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    High Costs May Dampen Golden Week Tourism In Hong Kong

    Hong Kong retailers have come to rely on an influx of mainland Chinese tourist-shoppers during Golden Week, the twice-yearly festival.
    Jing DailyAuthor
      Published   in Travel

    Crucial Time For HK Luxury Retailers#

    Hong Kong has been a luxury shopping paradise for mainland visitors

    Hong Kong retailers have come to rely on an influx of mainland Chinese tourist-shoppers during Golden Week, the twice-yearly festival. As Jing Daily wrote last year, Golden Week has become a critical time for high-end brands, auction houses and wine merchants in the city, so retail observers around the world will likely be watching closely. According to estimates by the Hong Kong Tourism Board, about 700,000 mainland visitors are expected to spend in the city this week, an increase of 10 percent from the same period last year. As China Daily writes this week, however, higher accommodation costs may put a crimp on revenue this fall. From China Daily:

    This year's expected 10 percent increase in mainland visitors is only half of last years's 20 percent. And this slowdown is growth has been attributed mainly to the high cost of accommodation, while airfares have remained relatively stable.



    Most hotels in Hong Kong have jacked up their room rates by 40 percent or more in anticipation of the national holiday rush, executive director of the Federation of Hong Kong Hotel Owners' Association Li Hancheng said. The average daily rate for a standard room in a three-star hotel is 1000 yuan, compared with 300 yuan in Shanghai.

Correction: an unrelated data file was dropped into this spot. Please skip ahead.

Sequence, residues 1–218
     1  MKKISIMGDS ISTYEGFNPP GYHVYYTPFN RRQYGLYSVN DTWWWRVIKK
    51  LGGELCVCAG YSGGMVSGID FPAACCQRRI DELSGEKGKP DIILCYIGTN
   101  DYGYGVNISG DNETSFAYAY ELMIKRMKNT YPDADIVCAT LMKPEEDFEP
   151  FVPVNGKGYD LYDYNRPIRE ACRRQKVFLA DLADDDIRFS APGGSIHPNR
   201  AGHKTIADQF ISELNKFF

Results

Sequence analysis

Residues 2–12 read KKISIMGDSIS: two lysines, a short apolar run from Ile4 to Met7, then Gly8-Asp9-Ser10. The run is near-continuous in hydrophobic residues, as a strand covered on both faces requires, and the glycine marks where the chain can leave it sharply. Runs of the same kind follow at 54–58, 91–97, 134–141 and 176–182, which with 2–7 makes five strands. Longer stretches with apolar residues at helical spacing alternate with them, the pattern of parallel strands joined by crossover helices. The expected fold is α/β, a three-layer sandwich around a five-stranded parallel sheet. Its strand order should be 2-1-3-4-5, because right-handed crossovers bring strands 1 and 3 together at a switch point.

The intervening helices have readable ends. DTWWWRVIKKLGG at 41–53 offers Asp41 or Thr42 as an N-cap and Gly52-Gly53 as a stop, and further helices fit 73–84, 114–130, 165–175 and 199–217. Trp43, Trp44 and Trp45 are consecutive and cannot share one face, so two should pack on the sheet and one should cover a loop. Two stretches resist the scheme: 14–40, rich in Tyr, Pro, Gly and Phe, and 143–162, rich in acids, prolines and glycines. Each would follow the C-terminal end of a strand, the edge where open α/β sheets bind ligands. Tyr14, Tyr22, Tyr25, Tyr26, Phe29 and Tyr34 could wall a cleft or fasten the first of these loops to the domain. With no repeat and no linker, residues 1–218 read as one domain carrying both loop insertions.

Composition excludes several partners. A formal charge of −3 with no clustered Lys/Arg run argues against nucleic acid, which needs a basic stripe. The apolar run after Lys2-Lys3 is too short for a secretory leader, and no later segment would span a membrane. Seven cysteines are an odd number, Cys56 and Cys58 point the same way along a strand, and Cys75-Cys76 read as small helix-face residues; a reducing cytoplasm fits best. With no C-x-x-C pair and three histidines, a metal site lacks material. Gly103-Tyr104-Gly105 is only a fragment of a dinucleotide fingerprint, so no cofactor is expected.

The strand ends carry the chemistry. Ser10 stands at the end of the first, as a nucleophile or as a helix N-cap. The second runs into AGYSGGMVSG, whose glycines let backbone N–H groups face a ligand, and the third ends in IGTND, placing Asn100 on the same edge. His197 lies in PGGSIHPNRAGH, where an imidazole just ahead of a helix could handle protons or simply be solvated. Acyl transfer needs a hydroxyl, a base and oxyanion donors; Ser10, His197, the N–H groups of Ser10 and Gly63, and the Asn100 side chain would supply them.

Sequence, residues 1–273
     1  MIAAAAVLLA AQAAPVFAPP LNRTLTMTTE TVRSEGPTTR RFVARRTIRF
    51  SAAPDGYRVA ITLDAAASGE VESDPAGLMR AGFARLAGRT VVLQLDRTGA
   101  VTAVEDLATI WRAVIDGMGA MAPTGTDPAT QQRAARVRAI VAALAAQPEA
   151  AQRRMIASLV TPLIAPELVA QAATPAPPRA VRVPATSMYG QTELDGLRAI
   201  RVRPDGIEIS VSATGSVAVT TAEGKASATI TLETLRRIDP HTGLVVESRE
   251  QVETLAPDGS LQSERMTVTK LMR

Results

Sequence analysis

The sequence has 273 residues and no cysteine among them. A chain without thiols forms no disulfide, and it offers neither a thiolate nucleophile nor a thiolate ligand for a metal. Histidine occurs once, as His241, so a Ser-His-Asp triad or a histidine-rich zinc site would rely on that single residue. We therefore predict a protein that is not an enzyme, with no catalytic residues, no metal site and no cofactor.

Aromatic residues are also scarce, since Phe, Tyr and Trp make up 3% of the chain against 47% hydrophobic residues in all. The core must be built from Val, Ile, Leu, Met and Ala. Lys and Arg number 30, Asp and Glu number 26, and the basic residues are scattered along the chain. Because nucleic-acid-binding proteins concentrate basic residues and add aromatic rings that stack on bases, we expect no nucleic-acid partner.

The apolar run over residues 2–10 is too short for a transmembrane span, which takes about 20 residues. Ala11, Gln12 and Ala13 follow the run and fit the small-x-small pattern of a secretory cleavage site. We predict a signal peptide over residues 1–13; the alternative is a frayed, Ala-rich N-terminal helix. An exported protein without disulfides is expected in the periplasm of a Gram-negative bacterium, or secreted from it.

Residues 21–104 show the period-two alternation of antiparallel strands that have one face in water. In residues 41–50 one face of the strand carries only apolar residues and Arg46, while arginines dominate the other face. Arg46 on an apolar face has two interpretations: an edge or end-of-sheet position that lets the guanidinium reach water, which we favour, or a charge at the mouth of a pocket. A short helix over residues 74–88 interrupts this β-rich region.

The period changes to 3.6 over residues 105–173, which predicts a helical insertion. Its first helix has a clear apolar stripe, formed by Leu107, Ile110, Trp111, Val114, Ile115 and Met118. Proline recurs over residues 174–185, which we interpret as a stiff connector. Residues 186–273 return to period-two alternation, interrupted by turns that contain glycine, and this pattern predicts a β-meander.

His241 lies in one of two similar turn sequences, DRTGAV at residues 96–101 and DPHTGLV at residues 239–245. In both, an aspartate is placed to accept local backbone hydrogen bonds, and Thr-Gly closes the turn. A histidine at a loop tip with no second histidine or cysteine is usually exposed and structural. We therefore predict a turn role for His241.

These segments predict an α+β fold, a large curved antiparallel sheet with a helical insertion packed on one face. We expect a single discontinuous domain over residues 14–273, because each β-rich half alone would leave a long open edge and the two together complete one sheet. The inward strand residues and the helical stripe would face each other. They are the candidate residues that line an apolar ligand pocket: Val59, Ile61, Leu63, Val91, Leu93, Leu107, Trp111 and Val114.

As the article mentioned, in the past, a large proportion of the mainland tourists visiting Hong Kong are from Shanghai, but now more and more Shanghai people choose Tokyo and other major European cities as their shopping heaven. In order to entice more mainland spenders, some countries such as Japan and New Zealand have expedited the process of visa application, and hotels in those countries keep their prices flat during Chinese holidays.

    As the seven-day-long National Day holidays are close to the end, some potential tourists show their interest of visiting Hong Kong after the holiday season since the prices of accommodation will be reduced.

    Hong Kong has been a major luxury destination for mainland visitors, but as a spokesperson from the Ministry of Commerce announced in June, the import luxury duty on the mainland will be cut by 2 percent to 15 percent. If this is true, it may elapse Hong Kong's role as the luxury shopping center to mainland shoppers if they can buy luxury at a lower price at home. So it might be wiser for business people in Hong Kong to think creatively to attract visitors from mainland rather than scare them away by adding extra service premiums.

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